AAR: Working at Prosper feels like the perfect landing spot for all that I’ve done professionally and all that matters to me personally. I most enjoy the opportunity to be a bridge builder for like-missioned entities who may not have ordinarily come together but, through Prosper, begin to build transformative collaborations around inclusive, economic development.
KSJ: With this latest RFP process, how is it different from any funding program or process you’ve worked with in the past?
AAR: One of the most unique aspects to Prosper’s RFP process is the opportunity to gain insight on how to apply. I’ve worked in the nonprofit space for nearly two decades and have not ever seen an organization take the intentional time like we have to make the application accessible to as many as possible and walk them through the process with hopes of having as many robust grant applications as possible, especially for organizations and groups who may not have been familiar with RFPs, but have wonderful, visionary initiatives and ideas.
KSJ: In your opinion, what are some of the biggest challenges with working with business owners?
AAR: One of the biggest challenges in working with business owners is the abundance of needs they have. We are a new and small organization. As we work to empower the nonprofit service providers who work with business owners and as we try to align others in this space, it seems as if it’s never enough because the needs of our small business community are so many, and they deserve all the help they are seeking.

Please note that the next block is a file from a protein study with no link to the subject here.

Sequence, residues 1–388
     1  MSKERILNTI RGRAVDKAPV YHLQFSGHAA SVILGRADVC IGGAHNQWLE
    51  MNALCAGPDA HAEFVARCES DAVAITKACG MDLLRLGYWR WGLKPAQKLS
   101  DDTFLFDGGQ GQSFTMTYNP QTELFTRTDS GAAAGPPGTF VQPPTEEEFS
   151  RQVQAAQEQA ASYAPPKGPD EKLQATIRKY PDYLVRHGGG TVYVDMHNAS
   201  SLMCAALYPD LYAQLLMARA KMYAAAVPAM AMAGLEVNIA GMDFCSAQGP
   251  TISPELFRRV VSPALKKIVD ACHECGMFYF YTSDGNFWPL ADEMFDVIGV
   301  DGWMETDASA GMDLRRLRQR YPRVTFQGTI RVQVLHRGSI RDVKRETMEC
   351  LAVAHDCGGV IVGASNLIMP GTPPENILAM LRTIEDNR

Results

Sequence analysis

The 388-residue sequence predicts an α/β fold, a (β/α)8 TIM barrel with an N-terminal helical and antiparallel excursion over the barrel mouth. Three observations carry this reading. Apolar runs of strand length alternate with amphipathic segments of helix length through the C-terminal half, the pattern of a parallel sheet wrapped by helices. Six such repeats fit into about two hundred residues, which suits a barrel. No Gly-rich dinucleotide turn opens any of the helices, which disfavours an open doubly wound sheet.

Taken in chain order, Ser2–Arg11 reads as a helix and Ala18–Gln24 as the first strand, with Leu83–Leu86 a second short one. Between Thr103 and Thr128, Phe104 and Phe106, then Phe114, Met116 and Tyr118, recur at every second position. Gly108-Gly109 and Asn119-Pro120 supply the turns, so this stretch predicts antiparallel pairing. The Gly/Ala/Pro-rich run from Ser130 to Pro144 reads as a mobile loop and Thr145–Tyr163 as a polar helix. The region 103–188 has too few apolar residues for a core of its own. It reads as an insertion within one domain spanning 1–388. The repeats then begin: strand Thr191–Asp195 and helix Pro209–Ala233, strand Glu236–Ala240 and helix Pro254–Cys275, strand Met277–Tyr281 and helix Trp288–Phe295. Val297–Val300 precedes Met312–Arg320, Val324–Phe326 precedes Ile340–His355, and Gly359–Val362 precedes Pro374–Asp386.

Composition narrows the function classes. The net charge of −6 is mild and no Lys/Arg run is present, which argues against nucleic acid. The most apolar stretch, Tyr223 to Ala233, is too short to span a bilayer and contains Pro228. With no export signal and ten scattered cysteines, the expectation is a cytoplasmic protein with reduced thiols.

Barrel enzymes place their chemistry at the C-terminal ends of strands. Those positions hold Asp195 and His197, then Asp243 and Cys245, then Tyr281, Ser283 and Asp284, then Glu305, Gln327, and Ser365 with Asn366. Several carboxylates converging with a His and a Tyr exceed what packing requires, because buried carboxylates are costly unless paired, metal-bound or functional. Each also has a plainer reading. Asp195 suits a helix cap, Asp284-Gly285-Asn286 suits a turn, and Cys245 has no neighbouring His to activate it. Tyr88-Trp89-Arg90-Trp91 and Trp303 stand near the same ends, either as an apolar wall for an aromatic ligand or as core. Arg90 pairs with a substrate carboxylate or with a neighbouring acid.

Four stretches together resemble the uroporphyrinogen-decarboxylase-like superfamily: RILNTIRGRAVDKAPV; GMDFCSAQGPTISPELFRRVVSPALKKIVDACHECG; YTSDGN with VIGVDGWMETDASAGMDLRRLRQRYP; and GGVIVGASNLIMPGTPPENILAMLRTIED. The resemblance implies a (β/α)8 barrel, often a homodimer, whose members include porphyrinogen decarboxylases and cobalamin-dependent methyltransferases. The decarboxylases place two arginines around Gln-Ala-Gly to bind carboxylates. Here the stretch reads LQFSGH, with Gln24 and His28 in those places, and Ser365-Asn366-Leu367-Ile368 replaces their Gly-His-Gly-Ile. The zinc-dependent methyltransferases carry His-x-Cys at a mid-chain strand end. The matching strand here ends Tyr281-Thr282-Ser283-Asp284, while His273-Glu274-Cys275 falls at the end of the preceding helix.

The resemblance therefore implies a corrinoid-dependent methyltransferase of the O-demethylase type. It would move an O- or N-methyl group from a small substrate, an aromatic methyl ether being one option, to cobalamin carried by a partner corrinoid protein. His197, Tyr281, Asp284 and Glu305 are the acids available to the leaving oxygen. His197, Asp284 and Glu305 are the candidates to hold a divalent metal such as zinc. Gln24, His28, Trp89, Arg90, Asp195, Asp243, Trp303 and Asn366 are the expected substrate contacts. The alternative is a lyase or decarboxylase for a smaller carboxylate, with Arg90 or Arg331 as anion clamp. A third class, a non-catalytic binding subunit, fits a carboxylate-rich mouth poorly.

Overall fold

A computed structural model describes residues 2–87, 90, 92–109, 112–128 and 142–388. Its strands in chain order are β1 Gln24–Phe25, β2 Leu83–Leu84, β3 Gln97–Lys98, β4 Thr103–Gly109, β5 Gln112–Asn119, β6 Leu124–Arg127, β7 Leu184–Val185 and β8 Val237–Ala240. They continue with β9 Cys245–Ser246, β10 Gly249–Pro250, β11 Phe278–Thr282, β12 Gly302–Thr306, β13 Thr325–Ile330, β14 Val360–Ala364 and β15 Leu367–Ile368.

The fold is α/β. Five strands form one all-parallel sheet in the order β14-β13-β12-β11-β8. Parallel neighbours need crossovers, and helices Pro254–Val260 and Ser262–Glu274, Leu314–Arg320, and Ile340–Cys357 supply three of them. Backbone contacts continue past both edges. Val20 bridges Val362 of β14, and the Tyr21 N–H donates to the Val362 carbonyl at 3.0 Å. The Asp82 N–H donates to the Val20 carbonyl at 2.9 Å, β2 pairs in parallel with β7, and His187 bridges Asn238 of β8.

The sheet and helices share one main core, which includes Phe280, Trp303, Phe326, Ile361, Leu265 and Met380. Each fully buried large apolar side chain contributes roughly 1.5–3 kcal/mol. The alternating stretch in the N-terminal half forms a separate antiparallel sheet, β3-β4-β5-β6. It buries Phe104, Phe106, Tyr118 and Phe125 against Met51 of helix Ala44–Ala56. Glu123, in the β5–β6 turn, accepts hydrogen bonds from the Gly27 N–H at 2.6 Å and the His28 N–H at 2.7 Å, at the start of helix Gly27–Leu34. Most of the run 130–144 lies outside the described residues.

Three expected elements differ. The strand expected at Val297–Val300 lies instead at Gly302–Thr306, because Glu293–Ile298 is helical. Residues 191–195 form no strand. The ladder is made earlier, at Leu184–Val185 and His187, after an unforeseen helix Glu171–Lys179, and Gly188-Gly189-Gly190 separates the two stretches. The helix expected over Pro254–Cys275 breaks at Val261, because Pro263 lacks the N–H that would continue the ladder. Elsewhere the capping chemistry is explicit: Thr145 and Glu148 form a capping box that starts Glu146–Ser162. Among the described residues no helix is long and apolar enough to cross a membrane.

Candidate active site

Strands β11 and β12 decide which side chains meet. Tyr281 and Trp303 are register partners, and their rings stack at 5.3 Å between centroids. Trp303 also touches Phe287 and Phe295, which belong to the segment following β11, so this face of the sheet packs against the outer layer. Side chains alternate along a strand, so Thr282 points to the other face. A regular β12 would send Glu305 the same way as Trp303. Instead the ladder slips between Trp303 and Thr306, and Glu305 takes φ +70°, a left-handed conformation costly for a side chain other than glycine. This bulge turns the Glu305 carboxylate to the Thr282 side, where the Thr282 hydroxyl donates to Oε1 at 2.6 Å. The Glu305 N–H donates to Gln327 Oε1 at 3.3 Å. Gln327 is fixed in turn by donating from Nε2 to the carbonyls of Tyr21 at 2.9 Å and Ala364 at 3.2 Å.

KSJ: What do you see as common characteristics of successful biz owners?
AAR: One of the most uniquely common characteristics of a successful business owner is the forethought to seek help early, ongoing and often. The businesses we’re most proud of are the ones who participate in the various cohorts, build relationships through workshops and trainings and realize that they aren’t alone in their desire to want to succeed.
KSJ: What’s the #1 challenge most biz owners face?
AAR: Access to capital and the ability to structure and utilize whatever capital they do have in a way that establishes systems and support to truly grow and scale.
KSJ: What advice would you give to aspiring Black business owners to help them succeed?
AAR: I would recommend any aspiring Black business owner take advantage of as many resources as possible. There are great organizations offering services to businesses like Urban Impact, REV Birmingham, CARA, Birmingham Business Alliance, Birmingham Business Resource Center and others. The more aspiring entrepreneurs get the support and technical assistance they need the more their village expands and their chances for sustainability increases.
KSJ: Where do you see the business climate in Birmingham in the next 10-20 years for Black businesses?
AAR: In 10-20 years, I see Birmingham and Jefferson County as a best practice in Black business and small business. I see the fruits of the seeds being planted now by Prosper and all the others doing this work sprouting to produce a thriving, healthy Black business ecosystem fueled by data, funding adequately and providing goods and services to our area and beyond.